Agreed if you're looking for how it's generally done, the best thing to do is to read. But if you just want to attempt it for your own sake, you don't need to worry too much about the standard.
 

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I have a rather well rated contemporary romance novel, Radar Love. It's not a bodice ripper. But if you'd like, I can email you a copy so you can see how I handled it, writing from a male perspective. Most of my readers are female. It'll also be free from the 21st to the 23rd.
 

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I have a rather well rated contemporary romance novel, Radar Love. It's not a bodice ripper.
I feel I should point out (very politely!) that romances haven't been "bodice rippers" since the seventies. Calling them this publicly is a sure way to anger romance readers. Many of us really hate the "bodice ripper" phrase, and in any event, there's a difference between bodice ripping and lots of hot sex. :D
 

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MegHarris said:
I've written erotic romance novellas entirely from the male perspective (and gotten bad reviews saying I was obviously a guy with typical guy fantasies, which I took as a really nice compliment!).
This is fantastic, not the bad reviews part, but that they said you were a man. I love it.
 

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MegHarris said:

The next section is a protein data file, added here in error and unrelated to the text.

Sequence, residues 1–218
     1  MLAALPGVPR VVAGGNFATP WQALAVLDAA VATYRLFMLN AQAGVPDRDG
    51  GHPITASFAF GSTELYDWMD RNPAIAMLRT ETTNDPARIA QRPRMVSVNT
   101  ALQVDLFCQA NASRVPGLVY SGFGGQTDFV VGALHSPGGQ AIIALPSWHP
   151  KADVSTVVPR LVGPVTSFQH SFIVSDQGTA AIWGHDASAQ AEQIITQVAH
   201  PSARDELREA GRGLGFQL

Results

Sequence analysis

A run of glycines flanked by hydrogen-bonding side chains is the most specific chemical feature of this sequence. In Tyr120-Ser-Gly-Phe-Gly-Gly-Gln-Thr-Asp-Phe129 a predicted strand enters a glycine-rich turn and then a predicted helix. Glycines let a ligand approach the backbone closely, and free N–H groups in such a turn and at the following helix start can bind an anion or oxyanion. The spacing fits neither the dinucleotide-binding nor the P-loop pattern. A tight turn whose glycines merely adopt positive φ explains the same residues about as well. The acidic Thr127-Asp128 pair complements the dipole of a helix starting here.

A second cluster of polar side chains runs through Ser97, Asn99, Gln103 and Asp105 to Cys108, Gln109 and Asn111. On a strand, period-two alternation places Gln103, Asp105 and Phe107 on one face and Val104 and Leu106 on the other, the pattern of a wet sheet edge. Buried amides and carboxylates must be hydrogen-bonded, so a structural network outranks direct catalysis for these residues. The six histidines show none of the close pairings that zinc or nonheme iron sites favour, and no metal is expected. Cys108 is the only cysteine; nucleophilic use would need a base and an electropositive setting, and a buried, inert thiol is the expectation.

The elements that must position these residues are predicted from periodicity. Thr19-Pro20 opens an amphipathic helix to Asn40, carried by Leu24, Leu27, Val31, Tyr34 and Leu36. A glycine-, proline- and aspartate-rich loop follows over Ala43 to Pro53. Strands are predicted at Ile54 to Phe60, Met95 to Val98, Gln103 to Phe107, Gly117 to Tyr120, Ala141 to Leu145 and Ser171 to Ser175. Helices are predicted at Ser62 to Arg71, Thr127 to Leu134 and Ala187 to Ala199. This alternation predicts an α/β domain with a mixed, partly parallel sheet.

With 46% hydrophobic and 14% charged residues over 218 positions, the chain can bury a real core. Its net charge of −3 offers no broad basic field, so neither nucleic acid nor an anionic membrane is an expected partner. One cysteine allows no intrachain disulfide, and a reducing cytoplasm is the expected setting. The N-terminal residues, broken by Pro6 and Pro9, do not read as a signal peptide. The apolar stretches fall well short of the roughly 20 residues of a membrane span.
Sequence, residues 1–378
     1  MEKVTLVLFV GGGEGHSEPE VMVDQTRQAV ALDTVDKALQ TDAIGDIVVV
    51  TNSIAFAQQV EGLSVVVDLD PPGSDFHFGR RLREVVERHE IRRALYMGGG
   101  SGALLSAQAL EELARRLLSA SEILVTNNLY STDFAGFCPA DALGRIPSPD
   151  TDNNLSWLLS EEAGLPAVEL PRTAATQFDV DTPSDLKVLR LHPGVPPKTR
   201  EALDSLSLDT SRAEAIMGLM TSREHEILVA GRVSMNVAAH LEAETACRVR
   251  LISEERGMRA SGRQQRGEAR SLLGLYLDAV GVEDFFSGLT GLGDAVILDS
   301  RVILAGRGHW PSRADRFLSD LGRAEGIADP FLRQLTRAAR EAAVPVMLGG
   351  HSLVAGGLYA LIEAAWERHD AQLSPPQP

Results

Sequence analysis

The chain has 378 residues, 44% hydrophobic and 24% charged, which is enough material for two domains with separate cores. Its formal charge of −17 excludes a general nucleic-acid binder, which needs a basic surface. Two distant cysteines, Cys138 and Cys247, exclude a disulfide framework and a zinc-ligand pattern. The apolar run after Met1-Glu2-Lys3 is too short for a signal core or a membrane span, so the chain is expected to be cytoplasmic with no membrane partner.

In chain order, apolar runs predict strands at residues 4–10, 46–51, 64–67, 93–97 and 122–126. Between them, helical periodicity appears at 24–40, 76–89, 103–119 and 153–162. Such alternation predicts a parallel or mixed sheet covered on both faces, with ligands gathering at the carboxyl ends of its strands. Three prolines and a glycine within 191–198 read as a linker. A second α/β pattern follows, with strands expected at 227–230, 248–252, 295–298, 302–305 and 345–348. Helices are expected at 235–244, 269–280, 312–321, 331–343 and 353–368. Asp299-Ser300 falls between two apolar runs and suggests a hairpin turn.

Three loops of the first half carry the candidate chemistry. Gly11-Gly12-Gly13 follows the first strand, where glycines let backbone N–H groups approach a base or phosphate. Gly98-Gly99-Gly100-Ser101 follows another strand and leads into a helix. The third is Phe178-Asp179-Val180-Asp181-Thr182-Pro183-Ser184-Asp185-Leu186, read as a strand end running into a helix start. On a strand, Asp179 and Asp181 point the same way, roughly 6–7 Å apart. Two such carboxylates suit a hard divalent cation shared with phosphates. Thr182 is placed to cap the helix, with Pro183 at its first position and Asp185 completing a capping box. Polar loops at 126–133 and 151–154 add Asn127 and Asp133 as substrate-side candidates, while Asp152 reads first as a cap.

I feel I should point out (very politely!) that romances haven't been "bodice rippers" since the seventies. Calling them this publicly is a sure way to anger romance readers. Many of us really hate the "bodice ripper" phrase, and in any event, there's a difference between bodice ripping and lots of hot sex. :D
I keep telling myself one day I will write a classic bodice ripper.

Just for the fun. :)
 

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I keep telling myself one day I will write a classic bodice ripper.
Oh, me too! I once planned to invent a slightly spoofy genre called "retro romance" (alas, Samhain has that name trademarked now). I guess I'd call it "Purple Passion" or some such instead, and fill the books with strong, manly, dark-haired men and feisty, flame-haired heroines with sapphire eyes. It would be loads of fun to write.
 

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Unless you're dead set on writing genre fiction, I would write a story that comes naturally to you while adding a romantic twist. I looked through your books and saw you'd written one about a father and a son. Though you would never characterize it this way, their relationship is a love story. Obviously not romantic, but every other notion of love is there.

So in that regard, it isn't that you haven't written about love before, you just haven't written boy meets girl and their hearts start fluttering before. My suggestion is that instead of taking that concept and working backwards until you box yourself into a cardboard romance which fits the genre, is find a story that comes natural to you, come up with two characters you can relate to [the father/son becomes the son/his first girl] and the romantic bits will write themselves.